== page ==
Large donations will benefit Haywood students, residents
A substantial and somewhat surprising gift by two Haywood County natives has the potential to contribute to the community for generations to come.
“No one would’ve guessed that they were doing what they were doing over the years,” said Canton attorney Pat Smathers, of the charitable donations made by David and Irene Smathers during their life together. “They were good, community-minded people who enjoyed their lifestyle, but they did not have a great, lavish lifestyle. There’s no doubt they lived frugally. I think only people who were either personally acquainted as confidantes, as their attorney or financial advisor, and family members would have any concept that they would have that kind of wealth.”
A March 7 press release issued by Smathers, who’s charged with administering the $6 million gift, explains that it’s to be broken up into three separate gifts of $2 million each.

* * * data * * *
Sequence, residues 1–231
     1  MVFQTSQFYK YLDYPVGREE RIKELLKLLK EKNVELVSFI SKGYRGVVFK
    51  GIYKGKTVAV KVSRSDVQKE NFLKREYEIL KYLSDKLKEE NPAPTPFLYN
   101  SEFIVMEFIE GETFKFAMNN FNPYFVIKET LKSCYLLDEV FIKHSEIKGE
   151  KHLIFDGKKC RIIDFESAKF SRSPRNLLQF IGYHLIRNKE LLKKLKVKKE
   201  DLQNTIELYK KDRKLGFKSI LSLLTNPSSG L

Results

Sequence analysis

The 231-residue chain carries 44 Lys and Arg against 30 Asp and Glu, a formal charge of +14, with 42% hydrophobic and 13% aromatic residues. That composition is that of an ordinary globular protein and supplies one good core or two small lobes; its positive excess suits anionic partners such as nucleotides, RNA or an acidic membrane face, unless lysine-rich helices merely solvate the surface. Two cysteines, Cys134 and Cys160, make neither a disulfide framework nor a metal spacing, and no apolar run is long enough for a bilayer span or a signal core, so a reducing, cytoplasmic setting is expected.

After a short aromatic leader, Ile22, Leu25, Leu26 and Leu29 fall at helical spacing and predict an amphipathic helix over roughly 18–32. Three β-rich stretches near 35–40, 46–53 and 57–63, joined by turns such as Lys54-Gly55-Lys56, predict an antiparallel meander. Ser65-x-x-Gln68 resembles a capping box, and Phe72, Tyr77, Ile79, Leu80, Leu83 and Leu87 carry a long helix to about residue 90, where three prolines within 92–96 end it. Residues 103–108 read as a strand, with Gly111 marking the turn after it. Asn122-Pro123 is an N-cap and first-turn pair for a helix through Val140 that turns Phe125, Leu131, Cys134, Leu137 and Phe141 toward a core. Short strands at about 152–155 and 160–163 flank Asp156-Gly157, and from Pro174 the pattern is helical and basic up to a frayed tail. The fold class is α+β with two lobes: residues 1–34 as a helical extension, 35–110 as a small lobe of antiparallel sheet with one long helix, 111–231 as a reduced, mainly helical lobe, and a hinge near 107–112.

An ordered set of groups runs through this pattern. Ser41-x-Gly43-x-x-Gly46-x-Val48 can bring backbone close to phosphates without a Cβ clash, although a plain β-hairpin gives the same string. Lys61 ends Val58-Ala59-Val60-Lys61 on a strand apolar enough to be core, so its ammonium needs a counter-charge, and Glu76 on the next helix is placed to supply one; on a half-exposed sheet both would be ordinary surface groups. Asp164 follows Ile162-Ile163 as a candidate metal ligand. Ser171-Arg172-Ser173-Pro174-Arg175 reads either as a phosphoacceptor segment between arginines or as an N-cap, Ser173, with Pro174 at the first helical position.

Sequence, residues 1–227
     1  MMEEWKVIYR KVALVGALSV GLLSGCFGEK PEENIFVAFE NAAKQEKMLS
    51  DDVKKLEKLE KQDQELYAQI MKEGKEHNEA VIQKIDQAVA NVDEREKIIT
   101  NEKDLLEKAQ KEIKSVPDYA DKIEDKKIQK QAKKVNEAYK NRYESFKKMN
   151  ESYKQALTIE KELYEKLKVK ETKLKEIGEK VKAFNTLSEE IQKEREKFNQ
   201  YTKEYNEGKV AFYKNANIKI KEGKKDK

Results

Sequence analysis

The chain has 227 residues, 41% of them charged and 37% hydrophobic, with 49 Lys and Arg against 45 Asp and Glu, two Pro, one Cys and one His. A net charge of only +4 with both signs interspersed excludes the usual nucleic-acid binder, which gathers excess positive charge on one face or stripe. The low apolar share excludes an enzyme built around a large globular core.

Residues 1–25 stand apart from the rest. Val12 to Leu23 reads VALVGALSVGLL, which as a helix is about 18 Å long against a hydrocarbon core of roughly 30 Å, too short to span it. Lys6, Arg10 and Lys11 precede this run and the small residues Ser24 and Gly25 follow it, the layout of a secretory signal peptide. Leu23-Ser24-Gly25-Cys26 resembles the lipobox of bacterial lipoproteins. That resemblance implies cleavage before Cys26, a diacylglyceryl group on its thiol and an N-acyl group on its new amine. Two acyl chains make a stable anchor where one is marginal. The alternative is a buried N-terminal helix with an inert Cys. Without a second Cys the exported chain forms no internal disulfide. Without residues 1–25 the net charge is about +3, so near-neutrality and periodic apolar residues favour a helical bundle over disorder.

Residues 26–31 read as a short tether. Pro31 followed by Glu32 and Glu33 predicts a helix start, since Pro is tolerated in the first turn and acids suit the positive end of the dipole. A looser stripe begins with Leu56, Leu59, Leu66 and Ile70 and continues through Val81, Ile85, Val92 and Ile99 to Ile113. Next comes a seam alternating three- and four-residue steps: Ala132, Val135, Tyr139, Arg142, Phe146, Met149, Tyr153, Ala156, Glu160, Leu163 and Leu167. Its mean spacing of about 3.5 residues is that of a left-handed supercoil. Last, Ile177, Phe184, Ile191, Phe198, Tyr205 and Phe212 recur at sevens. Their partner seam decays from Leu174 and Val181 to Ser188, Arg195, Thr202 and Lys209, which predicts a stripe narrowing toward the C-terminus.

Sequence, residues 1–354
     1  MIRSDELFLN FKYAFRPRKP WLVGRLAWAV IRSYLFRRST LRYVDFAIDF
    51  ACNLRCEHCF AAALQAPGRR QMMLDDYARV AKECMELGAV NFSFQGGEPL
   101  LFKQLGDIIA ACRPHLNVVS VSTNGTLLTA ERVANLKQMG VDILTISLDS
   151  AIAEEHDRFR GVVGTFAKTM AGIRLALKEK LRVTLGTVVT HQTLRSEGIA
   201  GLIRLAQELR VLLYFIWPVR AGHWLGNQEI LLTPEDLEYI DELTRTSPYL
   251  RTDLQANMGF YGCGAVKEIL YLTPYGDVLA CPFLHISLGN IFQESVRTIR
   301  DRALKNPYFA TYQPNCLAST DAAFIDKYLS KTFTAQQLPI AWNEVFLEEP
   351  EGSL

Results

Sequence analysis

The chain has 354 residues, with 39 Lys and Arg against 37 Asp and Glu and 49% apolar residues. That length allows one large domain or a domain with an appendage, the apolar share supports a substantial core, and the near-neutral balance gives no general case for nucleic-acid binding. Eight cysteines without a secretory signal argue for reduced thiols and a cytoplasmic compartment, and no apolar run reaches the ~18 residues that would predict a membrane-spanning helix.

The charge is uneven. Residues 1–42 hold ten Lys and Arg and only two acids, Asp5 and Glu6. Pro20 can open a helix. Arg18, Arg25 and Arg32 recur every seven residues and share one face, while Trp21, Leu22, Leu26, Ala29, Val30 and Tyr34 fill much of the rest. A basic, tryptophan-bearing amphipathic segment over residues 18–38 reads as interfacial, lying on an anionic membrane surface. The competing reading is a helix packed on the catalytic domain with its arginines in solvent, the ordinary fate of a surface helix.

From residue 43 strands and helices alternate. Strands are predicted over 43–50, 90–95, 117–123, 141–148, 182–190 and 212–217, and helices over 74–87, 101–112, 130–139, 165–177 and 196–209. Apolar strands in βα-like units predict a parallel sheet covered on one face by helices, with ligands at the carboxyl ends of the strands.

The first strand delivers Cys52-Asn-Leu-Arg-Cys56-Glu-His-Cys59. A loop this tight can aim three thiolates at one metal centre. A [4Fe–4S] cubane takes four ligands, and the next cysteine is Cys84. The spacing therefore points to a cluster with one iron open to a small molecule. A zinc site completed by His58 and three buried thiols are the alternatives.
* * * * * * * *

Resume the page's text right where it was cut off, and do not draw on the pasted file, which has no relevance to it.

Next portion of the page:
One of them is a straight donation to The Broyhill Home, a residential facility on 90 acres in Clyde that serves foster children. Established in 1971, the home is run by Baptist Children’s Homes of North Carolina.
Another $2 million will go into something called the Cruso Endowment.
“The Cruso Endowment was actually set up by David and Irene back in the 1990s,” Smathers said. “It is, for those who are familiar with estate planning, what’s called a CRUT [charitable remainder unitrust].”
Although it may have surprised some that Irene, who worked at the Waynesville Tannery, Dayco and Rays Department Store, and David, an engineer by trade, had that kind of money, it’s not surprising, said Smathers, that they chose to set up the endowment that will likely function in perpetuity.
“David was originally from Canton, and Irene was from the Bethel area, Cruso, in that area. David had moved away and I don’t think he really came back to Canton until he had retired,” he said. “He was very smart. He would have what I would call a ‘quirky engineer’s mind’ and people who knew him knew he was very bright. He never threw anything away — he would keep things to be reused. He was just a very bright guy.”
David passed away in 2009 and was joined by Irene in January of this year.